The Baseball Project "Grand Salami Time"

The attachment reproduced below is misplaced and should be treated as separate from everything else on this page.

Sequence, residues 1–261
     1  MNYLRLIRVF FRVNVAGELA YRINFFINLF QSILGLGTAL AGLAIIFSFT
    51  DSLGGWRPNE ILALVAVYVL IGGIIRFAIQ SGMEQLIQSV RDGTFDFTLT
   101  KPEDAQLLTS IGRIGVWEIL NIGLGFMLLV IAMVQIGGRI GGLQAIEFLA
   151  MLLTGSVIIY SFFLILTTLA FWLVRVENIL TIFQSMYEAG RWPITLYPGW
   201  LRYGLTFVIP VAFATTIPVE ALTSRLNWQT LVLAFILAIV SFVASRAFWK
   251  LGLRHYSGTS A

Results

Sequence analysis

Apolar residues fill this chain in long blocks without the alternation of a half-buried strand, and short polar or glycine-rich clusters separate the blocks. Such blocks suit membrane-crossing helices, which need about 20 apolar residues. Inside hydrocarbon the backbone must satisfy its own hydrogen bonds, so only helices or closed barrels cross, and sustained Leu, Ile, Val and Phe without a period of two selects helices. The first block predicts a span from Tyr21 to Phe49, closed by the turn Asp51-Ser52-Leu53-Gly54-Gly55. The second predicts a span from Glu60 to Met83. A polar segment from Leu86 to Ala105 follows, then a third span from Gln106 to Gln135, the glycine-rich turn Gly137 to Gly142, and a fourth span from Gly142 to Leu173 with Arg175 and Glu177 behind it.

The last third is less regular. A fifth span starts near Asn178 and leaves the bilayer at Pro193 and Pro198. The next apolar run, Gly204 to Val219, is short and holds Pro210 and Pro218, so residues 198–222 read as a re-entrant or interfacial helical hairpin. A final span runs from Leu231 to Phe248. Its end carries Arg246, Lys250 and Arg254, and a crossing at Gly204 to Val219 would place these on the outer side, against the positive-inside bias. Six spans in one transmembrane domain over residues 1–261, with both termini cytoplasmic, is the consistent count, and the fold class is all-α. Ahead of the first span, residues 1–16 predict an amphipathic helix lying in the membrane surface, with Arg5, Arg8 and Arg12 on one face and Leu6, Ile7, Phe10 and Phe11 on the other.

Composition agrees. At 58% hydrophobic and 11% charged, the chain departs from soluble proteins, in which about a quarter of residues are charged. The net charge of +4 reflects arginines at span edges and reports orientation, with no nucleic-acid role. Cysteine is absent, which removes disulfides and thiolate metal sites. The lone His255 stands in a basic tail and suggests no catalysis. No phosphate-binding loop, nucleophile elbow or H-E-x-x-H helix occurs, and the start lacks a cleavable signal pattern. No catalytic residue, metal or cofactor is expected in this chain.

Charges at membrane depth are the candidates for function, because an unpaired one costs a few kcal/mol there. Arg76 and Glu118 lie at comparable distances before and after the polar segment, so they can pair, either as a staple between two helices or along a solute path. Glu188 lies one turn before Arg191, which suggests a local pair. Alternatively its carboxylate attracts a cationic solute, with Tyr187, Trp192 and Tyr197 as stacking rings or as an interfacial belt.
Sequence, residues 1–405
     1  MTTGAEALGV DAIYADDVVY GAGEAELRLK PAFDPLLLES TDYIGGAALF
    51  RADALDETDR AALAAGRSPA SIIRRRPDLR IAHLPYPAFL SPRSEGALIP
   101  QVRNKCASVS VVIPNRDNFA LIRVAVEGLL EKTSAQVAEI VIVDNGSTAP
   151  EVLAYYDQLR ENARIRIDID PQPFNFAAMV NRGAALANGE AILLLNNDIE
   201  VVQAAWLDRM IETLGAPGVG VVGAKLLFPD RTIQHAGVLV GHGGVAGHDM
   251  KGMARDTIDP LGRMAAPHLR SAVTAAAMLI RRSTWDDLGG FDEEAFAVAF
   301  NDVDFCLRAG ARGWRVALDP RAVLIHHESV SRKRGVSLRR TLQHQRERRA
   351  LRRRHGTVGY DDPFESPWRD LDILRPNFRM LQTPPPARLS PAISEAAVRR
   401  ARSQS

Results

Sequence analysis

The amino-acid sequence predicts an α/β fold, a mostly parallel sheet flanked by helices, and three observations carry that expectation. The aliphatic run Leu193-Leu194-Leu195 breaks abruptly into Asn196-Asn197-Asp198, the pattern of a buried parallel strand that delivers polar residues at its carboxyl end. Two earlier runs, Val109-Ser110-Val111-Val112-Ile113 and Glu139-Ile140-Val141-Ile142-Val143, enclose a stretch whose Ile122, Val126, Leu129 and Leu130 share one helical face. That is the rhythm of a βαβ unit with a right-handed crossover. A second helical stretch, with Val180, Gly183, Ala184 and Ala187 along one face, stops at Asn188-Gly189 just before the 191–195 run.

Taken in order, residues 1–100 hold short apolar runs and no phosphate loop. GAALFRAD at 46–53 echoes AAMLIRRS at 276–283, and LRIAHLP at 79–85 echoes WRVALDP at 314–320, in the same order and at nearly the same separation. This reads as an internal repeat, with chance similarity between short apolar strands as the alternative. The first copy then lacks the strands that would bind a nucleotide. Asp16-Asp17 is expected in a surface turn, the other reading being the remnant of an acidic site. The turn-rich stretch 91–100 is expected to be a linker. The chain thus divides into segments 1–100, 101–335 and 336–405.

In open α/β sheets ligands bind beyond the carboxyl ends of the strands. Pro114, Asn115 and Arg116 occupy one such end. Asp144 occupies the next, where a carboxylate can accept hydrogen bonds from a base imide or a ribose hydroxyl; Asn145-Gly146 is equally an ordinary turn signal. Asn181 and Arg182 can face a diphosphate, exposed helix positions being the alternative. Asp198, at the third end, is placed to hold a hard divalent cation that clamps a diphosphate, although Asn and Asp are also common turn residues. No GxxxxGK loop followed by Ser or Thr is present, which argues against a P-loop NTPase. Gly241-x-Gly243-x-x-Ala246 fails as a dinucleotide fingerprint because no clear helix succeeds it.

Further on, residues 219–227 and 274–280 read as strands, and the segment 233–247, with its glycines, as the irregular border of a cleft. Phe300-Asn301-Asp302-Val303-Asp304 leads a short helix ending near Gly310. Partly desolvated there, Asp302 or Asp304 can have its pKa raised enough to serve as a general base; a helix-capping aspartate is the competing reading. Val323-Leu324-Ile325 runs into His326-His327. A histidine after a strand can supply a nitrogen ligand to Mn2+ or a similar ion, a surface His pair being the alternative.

In 2008 they busted out of the box and easily reached first with their Frozen Ropes And Dying Quails. The Baseball Project was on base and immediately posed a threat to go further.In 2011, they moved on to second with some wildness aptly called High And Inside. They were halfway home.Three years later in 2014, the quintet of Big Stars moved on down the line to the aptly titled 3rd, an epic double dip delight of craftsmanship and savvy.And there they stayed. For nine long years at the hot corner, but we’re happy to say that The Baseball Project is finally coming home, scoring big and touching ’em all with their fourth album Grand Salami Time. The scoreboard is lighting up and the fireworks are illuminating the sky.Speaking of reaching home, this album is a homecoming of sorts, as the band recorded and produced the album with none other than the legendary Mitch Easter. BBP members Peter Buck and Mike Mills’ made their first albums with Mitch back in the early ’80s with a swingin’ little combo called R.E.M.Scott McCaughey and Steve Wynn kept busy themselves, busting out new tunes with the Minus 5/Young Fresh Fellows (Scott) and The Dream Syndicate (Steve), while stockpiling a passel of penned poetics about the national pastime, many co-written with Peter. Mike adds a new classic of his own about doctored baseballs called “Stuff.”Linda Pitmon, who along with Peter and Scott has been part of a steady rhythmic nucleus, bashing out epic rock platters with Filthy Friends, (Alejandro Escovedo, Luke Haines & Peter Buck), is back driving the ship from behind her mighty drum machine.All in all, a fancy pedigree but, as Wynn points out, “this is our only band that plays stadiums”—true story as The Baseball Project has performed full sets along with the National Anthem and “Take Me Out To The Ball Game” at major league parks in Boston, Chicago, Milwaukee, Denver, Minneapolis, Philadelphia and more minor league and spring training fields, as well as having thrown out some exceptional first pitches (nothing but strikes!) as well.It’s all part of an unusual arc and fun story of a band whose first gig was an appearance on Late Night With David Letterman followed by a festival in a medieval Spanish city. For a quintet that has seemingly done everything over the years with their other bands, The Baseball Project always offers new and uncharted experiences.The album was recorded at Mitch Easter’s fabled Fidelitorium Studios in Kernersville, North Carolina, with the entire band performing live together in the same room, a joyous experience that seemed impossible to imagine only one year before. Mitch adds guitar on a few tracks and the record also features appearances by Stephen McCarthy (The Long Ryders) and Steve Berlin (Los Lobos).In the meantime, the band will be out on the road throughout—when else?—the upcoming baseball season. And we all know they’ll find their way home. Get out the rye bread and mustard, Grandma, it’s Grand Salami Time!Available on CD, Digital, and as a double-LP (with an etched 4th side), Grand Salami Time is the home run music fans have been waiting for. Packaging features stories behind the songs from band members, and makes Grand Salami Time more than a game—it makes your season!